Change how you rent if the current one isn’t working!

Getting more value out of your property

At the same time, if you do decide to follow our previous advice, you should consider gearing your property more toward this type of cohabitation. In other words, instead of leaving large rooms up as a common room or communal activity area, you can have them remodeled into individual rooms as well. This way, you get more rooms to rent out to people, and it won’t impact the value of your property much because people are typically not too keen on spending time in shared areas with people they don’t know anyway. Of course, you can also consider turning those rooms into additional storage spaces, which you can offer for a small fee to your tenants or some similar amenities.


Gearing your property towards short-term renting

If you are in an area where it is a viable option, such as a city popular among tourists, you also have the option to switch to short-term renting. In other words, make a rental that appeals to people looking for a place to stay for a day or two or maybe even a few weeks. The nice thing about this is that you can focus on luxury and maximize your ROI instead of having to tone down your rent prices to attract long-term interest. The only thing you need to do is advertise the property well, and it should start generating a profit quickly. You might, however, want to get professional assistance with your commercial rental if you’re not sure how to do this.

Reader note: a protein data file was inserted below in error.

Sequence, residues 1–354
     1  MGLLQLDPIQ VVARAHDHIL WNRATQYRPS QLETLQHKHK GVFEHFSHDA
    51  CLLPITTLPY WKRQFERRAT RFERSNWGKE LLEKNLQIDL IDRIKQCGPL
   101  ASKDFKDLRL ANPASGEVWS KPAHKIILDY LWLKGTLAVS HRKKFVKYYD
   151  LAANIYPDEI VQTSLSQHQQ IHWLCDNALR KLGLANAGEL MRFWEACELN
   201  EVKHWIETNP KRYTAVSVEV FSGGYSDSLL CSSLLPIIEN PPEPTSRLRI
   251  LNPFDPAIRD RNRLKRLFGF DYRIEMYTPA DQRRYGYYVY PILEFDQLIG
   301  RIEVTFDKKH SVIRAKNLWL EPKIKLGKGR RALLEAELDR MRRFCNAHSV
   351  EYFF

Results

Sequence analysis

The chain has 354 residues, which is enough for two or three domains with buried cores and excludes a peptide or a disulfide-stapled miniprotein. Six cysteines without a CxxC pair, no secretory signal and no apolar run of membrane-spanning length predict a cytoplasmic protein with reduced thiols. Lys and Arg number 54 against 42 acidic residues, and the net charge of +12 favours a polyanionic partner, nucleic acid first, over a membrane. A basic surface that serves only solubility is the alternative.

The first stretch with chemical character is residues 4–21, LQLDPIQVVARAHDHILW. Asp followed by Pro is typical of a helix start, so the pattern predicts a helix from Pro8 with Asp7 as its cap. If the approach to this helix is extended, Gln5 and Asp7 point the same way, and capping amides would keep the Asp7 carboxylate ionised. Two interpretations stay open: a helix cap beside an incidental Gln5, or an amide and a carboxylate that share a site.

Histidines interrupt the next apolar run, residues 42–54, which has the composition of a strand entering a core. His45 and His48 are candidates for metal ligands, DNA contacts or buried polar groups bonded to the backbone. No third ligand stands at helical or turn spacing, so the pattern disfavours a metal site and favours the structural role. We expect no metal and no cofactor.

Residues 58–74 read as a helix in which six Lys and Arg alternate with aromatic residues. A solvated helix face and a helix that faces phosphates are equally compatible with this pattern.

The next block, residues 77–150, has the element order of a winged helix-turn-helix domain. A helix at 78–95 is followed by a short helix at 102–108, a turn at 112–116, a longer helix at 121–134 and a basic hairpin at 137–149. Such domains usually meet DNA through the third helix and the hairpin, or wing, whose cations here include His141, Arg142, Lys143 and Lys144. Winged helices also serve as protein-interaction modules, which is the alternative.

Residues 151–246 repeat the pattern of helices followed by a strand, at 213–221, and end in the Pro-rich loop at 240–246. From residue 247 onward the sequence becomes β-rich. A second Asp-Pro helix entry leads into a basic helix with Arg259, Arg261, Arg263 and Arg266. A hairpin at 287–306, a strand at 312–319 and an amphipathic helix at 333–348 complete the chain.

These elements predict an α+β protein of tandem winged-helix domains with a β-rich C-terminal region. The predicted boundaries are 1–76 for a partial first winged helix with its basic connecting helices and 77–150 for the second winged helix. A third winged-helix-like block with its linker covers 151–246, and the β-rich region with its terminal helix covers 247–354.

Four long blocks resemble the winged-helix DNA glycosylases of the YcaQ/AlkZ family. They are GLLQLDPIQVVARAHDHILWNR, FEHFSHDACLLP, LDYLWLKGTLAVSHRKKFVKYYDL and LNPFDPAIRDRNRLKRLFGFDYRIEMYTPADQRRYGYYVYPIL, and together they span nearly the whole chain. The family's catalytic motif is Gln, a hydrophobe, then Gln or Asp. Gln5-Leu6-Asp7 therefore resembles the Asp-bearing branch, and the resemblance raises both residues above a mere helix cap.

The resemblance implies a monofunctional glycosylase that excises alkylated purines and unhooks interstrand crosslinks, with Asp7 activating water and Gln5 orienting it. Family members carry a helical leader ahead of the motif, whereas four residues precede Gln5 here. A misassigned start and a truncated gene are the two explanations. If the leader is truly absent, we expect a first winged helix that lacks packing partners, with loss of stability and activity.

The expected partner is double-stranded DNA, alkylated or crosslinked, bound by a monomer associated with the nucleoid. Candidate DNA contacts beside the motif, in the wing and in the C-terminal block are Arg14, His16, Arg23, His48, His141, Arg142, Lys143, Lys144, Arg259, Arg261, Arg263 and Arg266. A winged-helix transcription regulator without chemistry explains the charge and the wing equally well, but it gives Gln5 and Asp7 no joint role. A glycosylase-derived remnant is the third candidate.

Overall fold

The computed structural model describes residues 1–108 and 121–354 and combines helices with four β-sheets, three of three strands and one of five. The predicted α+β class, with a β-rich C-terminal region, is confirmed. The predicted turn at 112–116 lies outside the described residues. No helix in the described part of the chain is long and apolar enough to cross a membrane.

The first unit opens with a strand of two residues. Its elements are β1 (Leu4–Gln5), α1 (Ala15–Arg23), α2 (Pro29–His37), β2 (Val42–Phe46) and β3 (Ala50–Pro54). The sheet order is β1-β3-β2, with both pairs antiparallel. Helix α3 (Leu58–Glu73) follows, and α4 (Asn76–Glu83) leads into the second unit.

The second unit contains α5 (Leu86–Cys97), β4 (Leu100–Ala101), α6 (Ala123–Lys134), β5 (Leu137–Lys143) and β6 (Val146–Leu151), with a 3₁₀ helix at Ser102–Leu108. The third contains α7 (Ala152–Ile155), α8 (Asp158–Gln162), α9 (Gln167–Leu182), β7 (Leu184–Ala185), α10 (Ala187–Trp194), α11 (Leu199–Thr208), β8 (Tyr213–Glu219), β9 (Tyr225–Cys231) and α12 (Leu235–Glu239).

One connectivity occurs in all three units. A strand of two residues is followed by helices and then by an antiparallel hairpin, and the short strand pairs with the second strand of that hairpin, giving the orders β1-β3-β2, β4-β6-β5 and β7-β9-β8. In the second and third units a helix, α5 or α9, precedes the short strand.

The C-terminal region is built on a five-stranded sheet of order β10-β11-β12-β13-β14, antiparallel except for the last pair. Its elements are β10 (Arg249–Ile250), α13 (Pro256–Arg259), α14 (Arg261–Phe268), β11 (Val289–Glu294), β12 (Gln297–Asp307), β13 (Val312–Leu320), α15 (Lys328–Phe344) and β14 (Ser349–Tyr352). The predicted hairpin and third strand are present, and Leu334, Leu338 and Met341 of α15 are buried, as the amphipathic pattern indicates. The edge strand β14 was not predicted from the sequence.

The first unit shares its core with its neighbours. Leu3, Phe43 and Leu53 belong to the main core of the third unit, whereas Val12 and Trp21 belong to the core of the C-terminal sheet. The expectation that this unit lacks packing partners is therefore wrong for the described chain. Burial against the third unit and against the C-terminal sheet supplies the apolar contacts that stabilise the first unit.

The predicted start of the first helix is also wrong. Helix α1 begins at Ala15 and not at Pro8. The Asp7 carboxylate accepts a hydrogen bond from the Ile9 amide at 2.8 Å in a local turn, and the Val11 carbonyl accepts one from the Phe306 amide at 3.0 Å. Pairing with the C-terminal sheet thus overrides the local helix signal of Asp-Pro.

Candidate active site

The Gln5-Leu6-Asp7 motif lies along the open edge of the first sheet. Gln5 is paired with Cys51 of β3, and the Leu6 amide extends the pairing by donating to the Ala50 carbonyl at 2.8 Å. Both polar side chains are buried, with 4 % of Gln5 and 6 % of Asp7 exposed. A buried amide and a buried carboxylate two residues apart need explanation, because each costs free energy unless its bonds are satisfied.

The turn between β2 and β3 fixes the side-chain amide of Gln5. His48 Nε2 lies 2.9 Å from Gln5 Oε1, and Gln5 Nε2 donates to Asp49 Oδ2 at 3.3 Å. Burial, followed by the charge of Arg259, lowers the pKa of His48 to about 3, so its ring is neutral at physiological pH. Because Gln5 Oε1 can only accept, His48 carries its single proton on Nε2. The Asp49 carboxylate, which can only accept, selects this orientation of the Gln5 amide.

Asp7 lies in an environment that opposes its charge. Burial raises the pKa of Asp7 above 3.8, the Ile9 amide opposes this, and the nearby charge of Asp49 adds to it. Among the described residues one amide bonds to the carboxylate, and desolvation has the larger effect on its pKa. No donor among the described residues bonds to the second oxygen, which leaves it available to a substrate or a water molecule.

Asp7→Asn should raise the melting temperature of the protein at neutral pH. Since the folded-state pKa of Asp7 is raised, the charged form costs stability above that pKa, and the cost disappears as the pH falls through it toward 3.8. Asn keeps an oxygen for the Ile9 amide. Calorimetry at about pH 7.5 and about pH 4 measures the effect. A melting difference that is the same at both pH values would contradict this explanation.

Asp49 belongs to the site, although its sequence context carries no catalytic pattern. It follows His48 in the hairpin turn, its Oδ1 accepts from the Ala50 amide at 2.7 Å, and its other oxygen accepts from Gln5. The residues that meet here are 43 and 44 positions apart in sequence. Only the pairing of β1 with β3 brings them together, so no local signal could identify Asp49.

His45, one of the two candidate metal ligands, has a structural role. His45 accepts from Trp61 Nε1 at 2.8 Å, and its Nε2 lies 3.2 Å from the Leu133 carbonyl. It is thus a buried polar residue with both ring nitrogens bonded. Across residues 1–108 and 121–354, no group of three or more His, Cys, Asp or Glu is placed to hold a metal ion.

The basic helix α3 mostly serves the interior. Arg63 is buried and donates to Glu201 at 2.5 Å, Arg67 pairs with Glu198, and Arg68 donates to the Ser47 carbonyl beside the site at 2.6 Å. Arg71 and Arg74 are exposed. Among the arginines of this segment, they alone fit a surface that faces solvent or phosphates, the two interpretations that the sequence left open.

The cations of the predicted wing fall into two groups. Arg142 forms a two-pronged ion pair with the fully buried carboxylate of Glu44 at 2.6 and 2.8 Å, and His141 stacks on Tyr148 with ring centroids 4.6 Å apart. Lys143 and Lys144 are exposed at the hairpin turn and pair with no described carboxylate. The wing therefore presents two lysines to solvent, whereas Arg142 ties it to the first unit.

Renting out specific amenities to cope with negative cash flow

An odd but possible path forward is renting out specific amenities on your rental property, too. Either temporarily or on a more permanent basis. An example of this would be to rent out parking spaces separately. Or even storage space within the rental if it’s properly separated. Of course, the storage experts from Orange Mover note that you might have to remodel and even add climate control if you want to make rental storage appealing enough.


Should you consider selling?

The final answer to “What to do with a negative cash flow property?” when all else fails is, of course, to sell it. Sometimes, it can be a struggle to maintain the value of your property. It can seem like a constant drain on your resources and time, but trying to find a buyer looks daunting. But it is always a better idea to try something rather than just let a property waste even more of your money! It is perfectly possible you’ll even turn a profit since a little renovation frequently lets you sell for more money than you initially spent on the property. Of course, if it’s hard to find a buyer, you don’t even have to sell outright! You can always approach your current tenant and offer them a rent-to-own agreement.


Handling your negative cash flow property

Knowing what to do with a negative cash flow property gives you options. Whether you decide to try one of the tricks we discussed or just sell, at least your decision will be based on solid info and planning!




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Adam Brubaker